Subject: Timor-Leste: Choosing Between Asean and Burmese Reform?
Timor-Leste: Choosing Between Asean and Burmese Reform?
By SIMON ROUGHNEEN Saturday, February 13, 2010
BANGKOK Despite rumors that its United Nations ambassador was sacked for voting to support a Dec. 23 General Assembly resolution condemning human rights abuses in Burma, the tiny Southeast Asian country of Timor-Leste says it continues to back reform in Burma.
Speaking to The Irrawaddy on Friday, Timor-Lester Foreign Minister Zacarias da Costa said: “We remain committed to promoting democracy and human rights in Myanmar [Burma] and internationally.”
Denying reports that former UN Ambassador Nelson Santos was removed due to a disagreement on Burma policy, da Costa said that the diplomat returned to Timor-Leste because he had completed his term in office.
Just before Christmas, da Costa told the UN that he had removed Santos from his post. Santos had just voted in favor of a UN General Assembly resolution on human rights in Burma, which passed 86-23 with 39 abstentions. Santos was continuing Timor-Leste's previous policy of supporting these resolutions.
Santos' sudden dismissal sparked speculation that he was removed because the current multiparty coalition governing in Dili wants to align its Burma policy more closely with the approach taken by members of the Association of Southeast Asian Nations (Asean).
Asean member-states Brunei Darussalam, Laos, Malaysia and Vietnam all joined the junta representative in voting against the Dec. 23 resolution, while Thailand, Singapore, Indonesia and Cambodia abstained. The Philippine representative was marked absent.
“It sounds like our government is giving up on human rights and democratization in Burma. This is sending a negative signal to the international community,” said Jose Teixeira, a spokesman for the opposition Fretilin party.
Timor-Leste is hoping to join Asean by 2012. President Jose Ramos-Horta has long been a critic of the Burmese junta, and it is thought that his condemnations so rankled the generals in Napyidaw that they have held up Dili's membership application.
Under the former Fretilin government that held power until 2007, Ramos-Horta, then serving as foreign minister, insisted that Timor-Leste would vote in favor of resolutions condemning the internal situation in Burma.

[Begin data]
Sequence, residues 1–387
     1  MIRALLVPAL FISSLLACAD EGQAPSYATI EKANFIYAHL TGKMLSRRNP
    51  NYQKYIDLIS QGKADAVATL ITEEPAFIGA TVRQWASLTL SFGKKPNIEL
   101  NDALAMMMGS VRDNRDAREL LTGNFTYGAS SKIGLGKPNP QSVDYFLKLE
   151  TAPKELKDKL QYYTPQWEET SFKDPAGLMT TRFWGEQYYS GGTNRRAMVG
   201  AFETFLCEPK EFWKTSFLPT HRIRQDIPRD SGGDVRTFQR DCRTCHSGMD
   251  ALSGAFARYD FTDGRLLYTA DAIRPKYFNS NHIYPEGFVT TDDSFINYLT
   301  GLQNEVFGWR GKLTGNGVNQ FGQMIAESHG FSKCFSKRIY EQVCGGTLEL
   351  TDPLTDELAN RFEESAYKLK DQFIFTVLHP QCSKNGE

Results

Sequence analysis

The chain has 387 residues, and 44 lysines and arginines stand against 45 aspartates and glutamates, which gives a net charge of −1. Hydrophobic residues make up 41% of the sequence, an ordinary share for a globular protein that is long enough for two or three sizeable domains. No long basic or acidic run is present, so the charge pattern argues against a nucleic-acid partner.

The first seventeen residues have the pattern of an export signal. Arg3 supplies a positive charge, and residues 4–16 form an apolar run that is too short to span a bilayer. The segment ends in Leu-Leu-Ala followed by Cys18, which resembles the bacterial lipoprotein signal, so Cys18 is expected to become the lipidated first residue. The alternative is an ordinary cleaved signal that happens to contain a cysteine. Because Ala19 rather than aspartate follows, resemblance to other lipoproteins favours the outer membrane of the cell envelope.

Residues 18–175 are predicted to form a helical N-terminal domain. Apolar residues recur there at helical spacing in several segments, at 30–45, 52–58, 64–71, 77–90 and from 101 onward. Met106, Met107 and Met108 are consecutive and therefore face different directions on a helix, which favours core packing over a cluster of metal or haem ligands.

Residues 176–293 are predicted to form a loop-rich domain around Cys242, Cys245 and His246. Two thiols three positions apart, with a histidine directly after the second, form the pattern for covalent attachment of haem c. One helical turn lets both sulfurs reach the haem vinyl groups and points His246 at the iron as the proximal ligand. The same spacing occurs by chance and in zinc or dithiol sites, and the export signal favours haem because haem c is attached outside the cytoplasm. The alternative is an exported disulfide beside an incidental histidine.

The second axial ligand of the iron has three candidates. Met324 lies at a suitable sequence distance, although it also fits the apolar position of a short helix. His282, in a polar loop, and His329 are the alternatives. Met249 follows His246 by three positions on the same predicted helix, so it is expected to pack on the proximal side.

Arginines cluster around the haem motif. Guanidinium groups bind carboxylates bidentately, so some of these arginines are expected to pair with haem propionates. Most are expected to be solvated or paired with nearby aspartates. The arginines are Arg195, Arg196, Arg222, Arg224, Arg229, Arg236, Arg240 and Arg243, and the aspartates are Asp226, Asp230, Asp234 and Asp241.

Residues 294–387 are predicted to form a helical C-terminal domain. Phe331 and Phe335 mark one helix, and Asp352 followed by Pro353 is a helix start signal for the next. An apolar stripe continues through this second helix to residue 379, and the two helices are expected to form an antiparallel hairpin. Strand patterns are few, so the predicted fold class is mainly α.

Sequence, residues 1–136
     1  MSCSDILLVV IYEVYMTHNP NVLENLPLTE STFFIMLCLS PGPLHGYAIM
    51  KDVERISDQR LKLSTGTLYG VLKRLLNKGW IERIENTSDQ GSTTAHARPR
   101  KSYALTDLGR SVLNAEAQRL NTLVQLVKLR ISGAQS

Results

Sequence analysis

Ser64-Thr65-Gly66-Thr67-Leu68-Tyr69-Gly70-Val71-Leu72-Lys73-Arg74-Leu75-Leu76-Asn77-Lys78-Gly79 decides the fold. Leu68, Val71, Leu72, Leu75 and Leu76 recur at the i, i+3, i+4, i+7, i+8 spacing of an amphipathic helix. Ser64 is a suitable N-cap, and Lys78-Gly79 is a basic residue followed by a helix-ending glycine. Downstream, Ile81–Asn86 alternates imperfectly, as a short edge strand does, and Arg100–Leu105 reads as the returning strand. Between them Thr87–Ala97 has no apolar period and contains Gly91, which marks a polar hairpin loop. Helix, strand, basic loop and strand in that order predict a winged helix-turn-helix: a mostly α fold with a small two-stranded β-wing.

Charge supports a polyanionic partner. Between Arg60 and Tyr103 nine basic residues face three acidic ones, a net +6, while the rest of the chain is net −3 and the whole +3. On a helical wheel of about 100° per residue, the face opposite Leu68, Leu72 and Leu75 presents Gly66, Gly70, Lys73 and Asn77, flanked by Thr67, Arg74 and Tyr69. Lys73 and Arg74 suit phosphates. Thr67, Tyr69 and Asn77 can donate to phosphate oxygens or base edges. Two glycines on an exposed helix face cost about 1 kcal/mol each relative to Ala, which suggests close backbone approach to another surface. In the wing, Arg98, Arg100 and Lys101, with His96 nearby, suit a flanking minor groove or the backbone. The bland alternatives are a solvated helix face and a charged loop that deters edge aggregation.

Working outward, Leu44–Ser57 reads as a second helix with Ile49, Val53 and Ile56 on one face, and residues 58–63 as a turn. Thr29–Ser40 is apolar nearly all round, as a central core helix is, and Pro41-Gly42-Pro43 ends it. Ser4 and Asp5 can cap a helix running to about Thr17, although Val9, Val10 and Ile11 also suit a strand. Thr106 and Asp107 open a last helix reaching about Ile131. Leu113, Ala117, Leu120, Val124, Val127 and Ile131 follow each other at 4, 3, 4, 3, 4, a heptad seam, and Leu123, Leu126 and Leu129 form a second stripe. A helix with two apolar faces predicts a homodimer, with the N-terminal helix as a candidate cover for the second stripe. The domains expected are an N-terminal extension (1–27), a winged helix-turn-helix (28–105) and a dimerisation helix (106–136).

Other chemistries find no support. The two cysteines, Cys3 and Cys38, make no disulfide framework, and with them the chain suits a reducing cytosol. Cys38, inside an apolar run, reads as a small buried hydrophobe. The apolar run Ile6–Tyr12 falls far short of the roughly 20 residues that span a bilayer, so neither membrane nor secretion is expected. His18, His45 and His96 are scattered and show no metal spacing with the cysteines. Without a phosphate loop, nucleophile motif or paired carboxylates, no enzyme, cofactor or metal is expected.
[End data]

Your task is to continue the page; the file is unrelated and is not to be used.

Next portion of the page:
Teixeira said that he believes that a rift has opened up between Ramos-Horta and the foreign minister on this issue.
“As I understand it, the president's position is to vote in favor of these resolutions, and Nelson Santos did so to continue a long-established policy. It appears the foreign minster wants to change this,” he said. Santos was appointed under the Fretilin government, and Timor-Leste's constitution states that only the president can remove ambassadors.
Teixeira noted that some Asean member-states were changing tack, now abstaining from the vote condemning abuses in Burma, instead of voting against the resolution.
“We are going the other way compared with Indonesia and Singapore,” he said.
So far, Ramos-Horta has not commented on this issue. On Feb. 5, receiving the credentials of incoming Burmese ambassador Dr U Nyan Lynn, he called for “free and fair elections” in Burma, as well as the release of opposition leader Aung San Suu Kyi.
The Timorese president added, however, that he fully “understands the challenges” faced by the Burmese government in addressing the “armed ethnic groups problems” in the country. He went on to “hail bilateral relations with Myanmar [Burma]” and added that Timor-Leste wants “to become a full member in Asean.”
It is, however, open to question whether the half-island nation, which is one of the poorest countries in Asia, has at present the technical and human resources to fulfill the requirements of Asean membership. Government ministries are staffed by well-paid foreign advisers, while the country has had a UN mission in place throughout the decade since gaining independence from Indonesia in 1999.
Indonesian rule was bitterly resisted by Timorese fighters, and it is thought that up to a third of the country's population perished during Jakarta's harsh quarter-century occupation of the former Portuguese colony.
International lobbying and advocacy, particularly after the notorious Santa Cruz cemetery massacre in 1991, when Indonesian soldiers killed hundreds of Timorese protesters, helped to set in motion Timor-Leste's eventual liberation.
“International support for the freedom of Timor-Leste was essential to the country's eventual independence.
Timor-Leste's constitution requires it to be in solidarity with oppressed people around the world,” said Charles Scheiner of La'o Hamutuk, a Dili-based NGO that monitors the activities of international institutions in Timor-Leste.
This solidarity was on full display in September 2007, when ordinary Timorese and various NGOs organized numerous solidarity demonstrations in Dili to show support for monk-led pro-democracy protests in Burma.
Meanwhile, Timor-Leste has gone without a UN representative since Nelson Santos' departure, despite a looming UN Security Council decision on whether to extend the mandate of UNMIT, the United Nations mission in Timor-Leste.
However, both the foreign minister and the opposition spokesman said they are confident that the mission will be extended, noting a successful recent visit by a delegation representing UN Secretary General Ban Ki-moon.
“We don't see any major complications,” said Foreign Minister da Costa, adding that Dr Sofia Borges has been appointed as Timor-Leste's new UN ambassador.